What’s a simple dude to do? When you also think it’s probably wise to do something about climate change, but don’t want to either mortgage the future or join a new religion? When, as energy expert Matthew Warren has long suggested, you believe in good technology and engineering as ways to solve problems? When you reckon that the ABC might want to cover some other issue every once in a while?
Well, it’s surely not heading for the civic exits or getting angry at the social sky.
Perhaps, both at the personal and systemic levels, it’s about looking for rational, centrist paths forward. It’s about using tools we use every day for our households, our organisations and our businesses rather than some parallel universe of policy and rhetoric.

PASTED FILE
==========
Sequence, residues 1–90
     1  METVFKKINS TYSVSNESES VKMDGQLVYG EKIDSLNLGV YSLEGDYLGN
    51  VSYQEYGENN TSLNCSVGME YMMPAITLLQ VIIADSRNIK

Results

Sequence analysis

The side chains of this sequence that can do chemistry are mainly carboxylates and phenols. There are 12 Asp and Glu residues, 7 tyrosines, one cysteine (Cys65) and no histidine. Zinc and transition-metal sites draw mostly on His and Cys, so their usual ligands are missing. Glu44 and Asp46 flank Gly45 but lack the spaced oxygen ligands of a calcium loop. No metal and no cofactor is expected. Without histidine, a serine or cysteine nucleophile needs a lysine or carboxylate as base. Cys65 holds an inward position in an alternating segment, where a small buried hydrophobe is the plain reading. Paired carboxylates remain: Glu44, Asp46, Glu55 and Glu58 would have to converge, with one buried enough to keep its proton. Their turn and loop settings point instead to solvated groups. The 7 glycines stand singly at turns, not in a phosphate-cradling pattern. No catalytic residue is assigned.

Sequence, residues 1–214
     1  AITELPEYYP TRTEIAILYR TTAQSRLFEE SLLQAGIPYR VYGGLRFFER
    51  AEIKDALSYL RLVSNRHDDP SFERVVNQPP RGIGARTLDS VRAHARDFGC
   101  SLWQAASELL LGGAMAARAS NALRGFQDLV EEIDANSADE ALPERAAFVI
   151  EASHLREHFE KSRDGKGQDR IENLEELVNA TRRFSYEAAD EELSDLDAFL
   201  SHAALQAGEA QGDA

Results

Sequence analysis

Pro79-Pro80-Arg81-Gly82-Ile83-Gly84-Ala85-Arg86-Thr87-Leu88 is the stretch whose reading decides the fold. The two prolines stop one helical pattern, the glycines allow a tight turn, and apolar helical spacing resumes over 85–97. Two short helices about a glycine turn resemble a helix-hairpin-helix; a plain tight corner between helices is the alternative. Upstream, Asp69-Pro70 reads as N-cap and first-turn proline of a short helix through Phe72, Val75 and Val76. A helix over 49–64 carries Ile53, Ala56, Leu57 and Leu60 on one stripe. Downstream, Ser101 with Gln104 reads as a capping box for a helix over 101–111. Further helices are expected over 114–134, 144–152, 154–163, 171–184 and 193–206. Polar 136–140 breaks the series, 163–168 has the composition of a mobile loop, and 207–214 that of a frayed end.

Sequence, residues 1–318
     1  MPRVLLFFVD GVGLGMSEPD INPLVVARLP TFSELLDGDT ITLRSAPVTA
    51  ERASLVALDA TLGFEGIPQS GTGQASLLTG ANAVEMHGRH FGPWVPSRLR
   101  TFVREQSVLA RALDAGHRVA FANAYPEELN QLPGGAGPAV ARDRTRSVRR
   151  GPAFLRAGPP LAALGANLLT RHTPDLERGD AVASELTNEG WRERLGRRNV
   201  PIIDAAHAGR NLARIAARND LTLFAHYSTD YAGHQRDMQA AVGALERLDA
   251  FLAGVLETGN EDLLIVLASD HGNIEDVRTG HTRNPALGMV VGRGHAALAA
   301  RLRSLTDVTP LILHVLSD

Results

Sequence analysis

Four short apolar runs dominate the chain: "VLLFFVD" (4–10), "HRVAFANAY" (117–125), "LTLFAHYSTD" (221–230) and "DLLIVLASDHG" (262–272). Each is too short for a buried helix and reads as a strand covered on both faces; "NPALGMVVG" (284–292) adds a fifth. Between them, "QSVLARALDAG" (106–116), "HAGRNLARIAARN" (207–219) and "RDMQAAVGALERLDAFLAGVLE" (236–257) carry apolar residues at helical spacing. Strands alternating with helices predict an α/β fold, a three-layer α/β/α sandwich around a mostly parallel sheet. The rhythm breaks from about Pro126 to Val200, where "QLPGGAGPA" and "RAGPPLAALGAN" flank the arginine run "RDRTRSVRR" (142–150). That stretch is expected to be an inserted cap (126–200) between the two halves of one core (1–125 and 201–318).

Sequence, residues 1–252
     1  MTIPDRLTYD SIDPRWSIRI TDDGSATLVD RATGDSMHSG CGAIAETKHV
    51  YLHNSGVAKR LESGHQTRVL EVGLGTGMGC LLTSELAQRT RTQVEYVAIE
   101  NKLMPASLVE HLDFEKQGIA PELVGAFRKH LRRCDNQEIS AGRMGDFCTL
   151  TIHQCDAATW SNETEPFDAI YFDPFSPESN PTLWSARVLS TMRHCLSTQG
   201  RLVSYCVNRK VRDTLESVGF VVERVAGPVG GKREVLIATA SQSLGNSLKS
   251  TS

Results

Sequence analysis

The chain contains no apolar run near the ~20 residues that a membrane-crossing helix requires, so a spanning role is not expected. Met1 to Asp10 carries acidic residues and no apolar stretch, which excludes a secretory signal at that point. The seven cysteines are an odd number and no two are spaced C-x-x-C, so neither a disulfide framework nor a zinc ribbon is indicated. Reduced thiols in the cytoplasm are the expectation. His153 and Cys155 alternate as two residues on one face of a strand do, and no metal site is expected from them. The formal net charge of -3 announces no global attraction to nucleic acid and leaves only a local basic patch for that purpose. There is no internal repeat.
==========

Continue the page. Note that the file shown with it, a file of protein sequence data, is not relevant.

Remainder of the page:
Australians are world leaders in risk management; the identification, evaluation, and mitigation of risks in a given context. It’s an established and successful method for taking the emotion out and leaving the agendas aside. I wonder how climate change might better be framed as a policy issue in risk management terms. I wonder how my own purchasing and lifestyle choices might be better motivated by risk mitigation.
Otherwise, the risk of tumbling into the ‘Greenhouse Gap’, for perhaps different reasons, will continue to be there for all of us.
Pete Shmigel writes, coaches, advocates for mental health and serves on boards after surviving three CEO gigs and professional politics.